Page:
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Community and Q&A

Limited Air Return with Garage Furnace

aunsafe2015 | Posted in Mechanicals on

I’m thinking about buying a 1970s two-story colonial in the pacific northwest.  It has a gas furnace located in a closet in the garage, right next to the door that leads into the house. The ductwork runs through a vented crawlspace to feed floor registers on the first floor, and a trunk line runs up to the second story (bedrooms) to feed floor registers on the second floor.  I believe all of the ductwork is metal.  I have no idea what the static pressure looks like.

There is only one air return, and it is probably at least slightly undersized.  It is on the first floor, in the ceiling, right next to the door that leads into the garage (so the air return duct is quite short… probably no more than 6-8 feet from the vent in the house to the furnace in the garage).

Anybody able to speculate how big of a problem the single first-floor return would be for overall comfort, especially in the 2nd floor bedrooms?  For a 1970s house, I’m not expecting perfection, and I know there would be a fair bit of temperature difference between the first and second stories.  But I’m just curious if those more knowledgeable than me see stuff like this and think, “pretty standard for a 70s house, it would be fine,” or if they think “that’s something that would need to be fixed immediately.”

For the record, I don’t see any easy way to add an air return to the second floor.  The expensive fix would be putting a separate system for the second floor in the attic (also vented, so not an ideal place), and replacing the first floor system with one sized for only the first floor. Small slim-duct style mini splits would be great.  But to do 2 of them, including all new ductwork on the second floor, would probably be $30k or more where I live.

Thanks for any input!

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  1. seabornman | | #1

    It seems to be the standard in houses of that vintage, and can work fine as long as doors have undercuts and supply ducts are adequate.

  2. GBA Editor
    Kiley Jacques | | #2

    Your situation--furnace located in an attached garage--made me think this post would be of interest to you, as it stresses the importance of air-sealing between the garage and living spaces to ensure a healthy environment: Continuous Air Barrier Between Garage and House.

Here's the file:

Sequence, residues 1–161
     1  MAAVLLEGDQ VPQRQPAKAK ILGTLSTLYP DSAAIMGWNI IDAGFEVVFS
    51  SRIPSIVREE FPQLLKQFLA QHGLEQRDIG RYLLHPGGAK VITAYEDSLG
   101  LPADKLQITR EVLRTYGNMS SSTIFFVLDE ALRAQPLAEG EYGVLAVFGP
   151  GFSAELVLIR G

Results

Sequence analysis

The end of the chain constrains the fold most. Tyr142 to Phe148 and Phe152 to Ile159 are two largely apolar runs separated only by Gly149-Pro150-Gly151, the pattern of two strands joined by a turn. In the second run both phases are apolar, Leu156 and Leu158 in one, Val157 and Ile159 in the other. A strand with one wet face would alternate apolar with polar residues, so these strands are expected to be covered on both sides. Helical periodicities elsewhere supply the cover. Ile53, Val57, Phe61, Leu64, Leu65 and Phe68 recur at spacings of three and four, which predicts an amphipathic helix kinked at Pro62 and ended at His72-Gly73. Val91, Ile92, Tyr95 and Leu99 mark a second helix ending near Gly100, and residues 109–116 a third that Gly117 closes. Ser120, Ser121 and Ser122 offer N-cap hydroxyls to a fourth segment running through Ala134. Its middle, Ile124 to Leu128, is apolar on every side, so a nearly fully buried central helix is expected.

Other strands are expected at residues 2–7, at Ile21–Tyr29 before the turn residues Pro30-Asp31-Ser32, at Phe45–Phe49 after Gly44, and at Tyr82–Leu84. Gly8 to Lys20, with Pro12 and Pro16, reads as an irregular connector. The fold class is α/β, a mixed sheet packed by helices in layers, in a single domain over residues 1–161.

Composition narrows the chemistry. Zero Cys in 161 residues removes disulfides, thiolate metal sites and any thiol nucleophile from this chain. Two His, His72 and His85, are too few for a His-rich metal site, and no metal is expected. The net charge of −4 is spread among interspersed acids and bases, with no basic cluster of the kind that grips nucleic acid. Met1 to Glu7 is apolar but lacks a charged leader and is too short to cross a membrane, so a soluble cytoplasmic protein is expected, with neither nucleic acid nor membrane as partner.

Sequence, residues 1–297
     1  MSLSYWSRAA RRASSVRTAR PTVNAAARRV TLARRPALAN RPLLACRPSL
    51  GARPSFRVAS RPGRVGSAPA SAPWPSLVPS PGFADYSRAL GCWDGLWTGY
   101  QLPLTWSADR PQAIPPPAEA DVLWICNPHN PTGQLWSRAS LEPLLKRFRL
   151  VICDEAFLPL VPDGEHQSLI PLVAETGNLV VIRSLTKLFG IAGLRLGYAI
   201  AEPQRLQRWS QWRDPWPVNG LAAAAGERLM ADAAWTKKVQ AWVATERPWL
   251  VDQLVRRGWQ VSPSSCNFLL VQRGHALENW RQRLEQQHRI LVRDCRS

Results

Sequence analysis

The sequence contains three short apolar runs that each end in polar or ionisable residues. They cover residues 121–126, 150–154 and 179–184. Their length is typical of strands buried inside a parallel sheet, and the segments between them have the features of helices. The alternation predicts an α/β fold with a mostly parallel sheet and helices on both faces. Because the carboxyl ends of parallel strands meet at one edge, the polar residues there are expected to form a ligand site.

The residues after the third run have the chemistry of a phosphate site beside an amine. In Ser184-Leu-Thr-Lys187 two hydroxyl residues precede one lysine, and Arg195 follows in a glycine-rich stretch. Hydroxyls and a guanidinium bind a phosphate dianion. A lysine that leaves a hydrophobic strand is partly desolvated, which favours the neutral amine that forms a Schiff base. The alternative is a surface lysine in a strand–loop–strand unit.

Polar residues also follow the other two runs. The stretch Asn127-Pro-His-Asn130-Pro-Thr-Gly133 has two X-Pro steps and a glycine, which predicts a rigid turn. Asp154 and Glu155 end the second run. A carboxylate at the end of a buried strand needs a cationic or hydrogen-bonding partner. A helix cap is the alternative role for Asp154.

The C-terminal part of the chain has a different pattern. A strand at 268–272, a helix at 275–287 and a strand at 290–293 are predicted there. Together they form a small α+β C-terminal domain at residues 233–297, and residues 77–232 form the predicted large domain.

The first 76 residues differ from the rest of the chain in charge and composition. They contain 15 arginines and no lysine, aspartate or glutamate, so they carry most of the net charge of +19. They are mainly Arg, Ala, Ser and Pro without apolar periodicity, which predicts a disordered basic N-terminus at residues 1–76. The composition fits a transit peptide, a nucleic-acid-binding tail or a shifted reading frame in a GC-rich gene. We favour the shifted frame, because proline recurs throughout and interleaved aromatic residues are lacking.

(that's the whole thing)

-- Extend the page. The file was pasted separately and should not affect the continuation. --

3. walta100 | | #3

    Just to be 100% clear you need to understand code today would not allow this home to be built in this way because people have died from the hazarded that having the furnace and water heater in the garage pose.

    If you chouse to except the risk and live with the hazards understanding them and avoiding dangerous situations is the key to survival.

    1 You must never run the engine of the car in the garage for a minute longer than necessary to park the car. Understand the furnace will pull air from the garage and distribute it throughout your home. Carbon monoxide poising is a real possibility, detectors are must have devices. Also, pesticides gasoline and other chemicals stored in your garage could pollute your house. Consider building a detached shed to store such items.

    2 If your furnace and or water heater are not raised 14 inches or so above the floor, consider doing so when it comes time to replace them. The fumes from gasoline are heavier than air and will pool on the floor and if the water heater were on the floor, it could ignite the pool of fumes from refueling a lawn mower. Note it is not uncommon for cars to leak gasoline fumes.

    Please be safe.


    1. aunsafe2015 | | #4

      Walta, thanks for the response. At least in my area, I'm seeing houses built as recently as this year that have the air handler in the garage.

      Perhaps you thought I was saying the air return vent itself is in the garage? The air return is in the house, but very close to the door that leads from the interior of the house into the garage.

      Not doubting, just trying to understand what aspect of this is against code given that I've seen it recently in pretty new construction.

      And regardless, I think you are spot on about being careful about garage fumes, so I appreciate that tip.

  4. walta100 | | #5

    I understand most of the return air will come from the home but return ducts are notoriously leaky 20% is not uncommon if it is under 5% it is a miracle. Everything you bring in your garage will get inside your house.

    What the local code says and how it is enforced varies widely. Just because you are allowed to do a silly thing does not make it a good idea.


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